Tomorrow, Michigan will play its most important game of the season to date. Still seeking a marquee win, the Wolverines are in the middle of a three-game stretch against KenPom top-15 teams. They ran out of steam without Caris LeVert against #13 Purdue in West Lafayette, and their chances of upsetting #12 Iowa on the road on Sunday aren't promising. But KenPom projects Michigan's home tilt with #14 Maryland is a coin flip -- though that doesn't consider that LeVert may not play -- and these are the games Michigan must win if it wants to avoid flirting with the bubble.
To gather more insight about this crucial matchup, I reached out to Dave Tucker, who is a co-manager of Testudo Times -- SB Nation's Maryland site. Dave was kind enough to answer my questions and discuss to what's surprised him the most about the Terrapins this season, how Melo Trimble has improved from his All-Big Ten freshman campaign, why Maryland is loose with the basketball, and who will win Tuesday night's game.
Maryland opened the season as the #3 team in both human polls and, with a 15-1 (4-0 B1G) record, finds itself in the exact same spots 10 weeks later. Has this team been everything you expected it to be? What has surprised you the most about Maryland?
Overall, I think Maryland has pretty much met expectations so far this year. They've had a few close calls, but they've always found a way to win. There are a lot of new pieces and I think as the season has progressed, they're learning to play better as a team.
Honestly, there have been a lot of surprises this season. I think Robert Carter is better than I could have ever imagined, Rasheed Sulaimon has been so important and done so much for this team and Melo Trimble is continuing to amaze in his sophomore campaign.
Melo Trimble was on the All-Big Ten first team as a freshman and is following that up with an excellent sophomore campaign (14.8 PPG, 5.7 APG, 125.1 ORtg). Where has the point guard most improved? Where does he still have weaknesses in his game?
Trimble's biggest improvement has probably been in his assist rate and effective field goal percentage. Last year, he ranked 393rd nationally in ARate whereas this year, he's jumped up to 46th. In eFG%, he's jumped from 330th last year to 160 this year.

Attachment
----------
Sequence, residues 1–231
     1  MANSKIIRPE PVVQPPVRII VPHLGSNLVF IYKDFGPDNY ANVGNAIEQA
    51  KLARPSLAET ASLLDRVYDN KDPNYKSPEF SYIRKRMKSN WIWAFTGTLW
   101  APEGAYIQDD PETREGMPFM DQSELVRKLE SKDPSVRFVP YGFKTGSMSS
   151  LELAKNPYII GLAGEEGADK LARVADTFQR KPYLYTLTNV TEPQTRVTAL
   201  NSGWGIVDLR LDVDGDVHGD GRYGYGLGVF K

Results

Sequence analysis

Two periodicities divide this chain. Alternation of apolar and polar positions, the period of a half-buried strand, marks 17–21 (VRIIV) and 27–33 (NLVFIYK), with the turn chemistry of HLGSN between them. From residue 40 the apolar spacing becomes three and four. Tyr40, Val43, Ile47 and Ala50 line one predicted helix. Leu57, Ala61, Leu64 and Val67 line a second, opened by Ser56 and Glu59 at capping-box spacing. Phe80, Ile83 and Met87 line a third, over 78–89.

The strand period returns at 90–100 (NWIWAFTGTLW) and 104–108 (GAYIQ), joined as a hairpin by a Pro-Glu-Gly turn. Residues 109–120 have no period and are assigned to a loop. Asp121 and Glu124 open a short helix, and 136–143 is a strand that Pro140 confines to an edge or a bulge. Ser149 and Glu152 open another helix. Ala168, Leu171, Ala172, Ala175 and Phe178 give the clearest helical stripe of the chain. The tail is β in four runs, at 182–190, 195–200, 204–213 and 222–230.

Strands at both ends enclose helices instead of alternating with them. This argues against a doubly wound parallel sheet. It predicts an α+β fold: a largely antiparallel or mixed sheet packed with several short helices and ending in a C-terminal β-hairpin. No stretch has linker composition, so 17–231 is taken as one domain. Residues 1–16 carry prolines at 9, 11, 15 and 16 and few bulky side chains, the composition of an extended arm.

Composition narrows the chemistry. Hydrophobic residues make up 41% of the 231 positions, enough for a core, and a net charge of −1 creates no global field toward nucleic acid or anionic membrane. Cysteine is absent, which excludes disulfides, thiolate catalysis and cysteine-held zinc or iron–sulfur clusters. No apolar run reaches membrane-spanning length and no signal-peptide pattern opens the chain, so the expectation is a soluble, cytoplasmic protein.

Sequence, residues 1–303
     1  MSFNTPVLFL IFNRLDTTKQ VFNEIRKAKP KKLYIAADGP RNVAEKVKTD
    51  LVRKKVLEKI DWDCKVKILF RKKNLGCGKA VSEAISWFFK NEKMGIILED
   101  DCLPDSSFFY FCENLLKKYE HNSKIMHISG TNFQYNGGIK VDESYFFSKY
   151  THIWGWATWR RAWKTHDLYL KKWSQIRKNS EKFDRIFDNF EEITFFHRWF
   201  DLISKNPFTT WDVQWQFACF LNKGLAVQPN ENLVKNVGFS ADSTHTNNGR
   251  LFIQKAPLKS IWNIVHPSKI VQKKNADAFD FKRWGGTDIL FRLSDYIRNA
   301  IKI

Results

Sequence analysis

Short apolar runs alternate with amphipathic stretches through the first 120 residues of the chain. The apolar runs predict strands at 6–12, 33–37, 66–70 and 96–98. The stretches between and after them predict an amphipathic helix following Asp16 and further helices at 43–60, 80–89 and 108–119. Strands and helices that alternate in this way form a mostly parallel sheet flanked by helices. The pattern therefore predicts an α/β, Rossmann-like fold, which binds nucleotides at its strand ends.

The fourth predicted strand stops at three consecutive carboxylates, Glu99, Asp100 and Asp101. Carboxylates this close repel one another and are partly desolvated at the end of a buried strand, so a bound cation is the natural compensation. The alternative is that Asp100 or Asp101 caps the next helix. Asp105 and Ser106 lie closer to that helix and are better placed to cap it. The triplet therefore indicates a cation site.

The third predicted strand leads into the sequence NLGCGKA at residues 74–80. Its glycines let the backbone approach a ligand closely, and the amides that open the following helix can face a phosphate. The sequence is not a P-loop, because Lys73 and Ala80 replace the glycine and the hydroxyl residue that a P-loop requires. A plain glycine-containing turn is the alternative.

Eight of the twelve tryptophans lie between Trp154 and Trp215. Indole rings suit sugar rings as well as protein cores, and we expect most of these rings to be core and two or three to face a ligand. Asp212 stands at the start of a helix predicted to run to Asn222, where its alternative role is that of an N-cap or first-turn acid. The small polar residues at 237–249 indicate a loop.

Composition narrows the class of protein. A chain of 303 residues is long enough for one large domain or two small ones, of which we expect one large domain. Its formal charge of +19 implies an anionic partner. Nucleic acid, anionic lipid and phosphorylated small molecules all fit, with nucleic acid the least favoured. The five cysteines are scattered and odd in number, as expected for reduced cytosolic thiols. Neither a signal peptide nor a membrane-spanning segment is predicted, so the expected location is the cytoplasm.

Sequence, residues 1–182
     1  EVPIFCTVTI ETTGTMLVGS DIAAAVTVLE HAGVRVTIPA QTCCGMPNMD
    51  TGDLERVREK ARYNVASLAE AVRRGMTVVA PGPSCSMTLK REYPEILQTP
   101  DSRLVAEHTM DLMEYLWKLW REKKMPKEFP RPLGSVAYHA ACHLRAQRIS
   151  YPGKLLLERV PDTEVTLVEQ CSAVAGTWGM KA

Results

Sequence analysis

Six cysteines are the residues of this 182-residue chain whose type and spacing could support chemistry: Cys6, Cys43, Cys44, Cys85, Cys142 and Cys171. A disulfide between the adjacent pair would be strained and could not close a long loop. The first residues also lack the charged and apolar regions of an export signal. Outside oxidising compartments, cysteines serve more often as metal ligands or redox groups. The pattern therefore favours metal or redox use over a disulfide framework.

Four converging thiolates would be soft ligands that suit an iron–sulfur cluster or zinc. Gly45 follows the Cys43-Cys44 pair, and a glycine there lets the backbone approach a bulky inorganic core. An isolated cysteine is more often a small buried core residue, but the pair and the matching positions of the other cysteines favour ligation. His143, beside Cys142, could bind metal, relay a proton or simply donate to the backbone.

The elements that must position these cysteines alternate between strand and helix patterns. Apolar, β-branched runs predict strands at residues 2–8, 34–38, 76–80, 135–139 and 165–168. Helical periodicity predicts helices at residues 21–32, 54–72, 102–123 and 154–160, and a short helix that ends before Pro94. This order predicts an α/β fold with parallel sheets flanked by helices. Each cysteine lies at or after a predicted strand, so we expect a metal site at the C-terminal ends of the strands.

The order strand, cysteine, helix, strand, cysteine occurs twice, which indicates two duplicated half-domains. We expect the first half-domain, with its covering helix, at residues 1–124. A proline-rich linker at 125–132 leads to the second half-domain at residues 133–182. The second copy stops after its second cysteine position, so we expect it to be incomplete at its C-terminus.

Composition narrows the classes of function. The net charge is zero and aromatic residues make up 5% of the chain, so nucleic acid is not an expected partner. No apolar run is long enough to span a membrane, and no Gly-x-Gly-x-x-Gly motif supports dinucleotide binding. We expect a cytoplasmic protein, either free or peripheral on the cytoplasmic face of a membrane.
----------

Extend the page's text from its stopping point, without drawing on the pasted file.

In terms of weaknesses in his game, they're hard to come by, which is one of the reasons he's so effective. He has a tendency to sometimes take a three that might not be ideal or is super deep, but when he's doing things like this, you don't really worry about it.
The Terrapins added three new pieces this season: Georgia Tech transfer Robert Carter, Duke transfer Rasheed Sulaimon, and five-star center Diamond Stone. What has each player brought to this team? Who's most important to Maryland's success?
Each of these players have been vital to Maryland this season. Robert Carter has been fantastic at the four, showing off an ability to score for a variety of places around the basket and even stepping back and hitting an occasional three. Sulaimon has been fantastic for a lot of reasons. Not just in his scoring and ability to run point when needed, but in his vocal leadership with this team. He's kind of assumed the Dez Wells role in that regard. He's also shooting over 48% from beyond the arc this year. Diamond Stone has really been coming on as of late. After a little bit of an adjustment period, he's scored in double figures in nine straight games, including a Maryland freshman record 39 points against Penn State on December 30th. He's really starting to run the floor better and has been even more active on defense. He's also been a great rebounder, especially on the offensive glass, where he ranks 9th nationally in OR%.
One of the most noticeable changes between last season and this season is Maryland's shooting -- two-point shooting to be particular. In 2014-15, the Terrapins were 157th in 2P% (48.0). In 2015-16, they are third (58.6). What's been the catalyst for this change?
The single biggest change has probably been Maryland's somewhat transformed front court this season. Last year, that was arguably one of, if not Maryland's biggest weakness. But adding Robert Carter and Diamond Stone has transformed that unit and given them a lot of easy buckets. Having Stone and Carter on the floor has also opened up opportunities for Trimble, Sulaimon and others, especially in terms of getting to the basket for easy shot opportunities.
Maryland's Achilles heel appears to be its carelessness with the ball. The Terrapins are 249th in turnover rate (19.7 pct.), and they turned it over 22 times against UNC in their only loss of the season. Why does Maryland cough it up so much? What should Michigan do to try to pressure the Terrapins into making these same mistakes?
I think Maryland was a big lackadaisical in their passing early and it really hurt them against UNC, who used their size to force 13 steals against the Terps. Over their first 10 games, Maryland was averaging 14.1 turnovers per game. During their last six games, they've knocked that down to 11.83 per game. They need to continue that trend in the coming weeks.
I think the best way to force Maryland into turnovers is utilize some full court press and by not giving Maryland easy opportunities inside. If the Terps can go inside out effectively, it's hard to stop them.
Prediction time. Though the status of Caris LeVert is unknown, KenPom views this as a toss-up. What matchup do you think will have the biggest impact on the outcome of the game? Which team will walk off the court as the winner? What will be the score?
I think Maryland pulls out the win, but it's going to be another close game for the Terps. I hope Caris LeVert plays, because I'd love to see him matching up against Melo Trimble. This game will probably be close late and if it is, Melo Trimble takes over again and wins it for the Terps. I'll say Maryland wins 73-71.
A big thanks to Dave for answering our questions! Make sure to follow him on Twitter.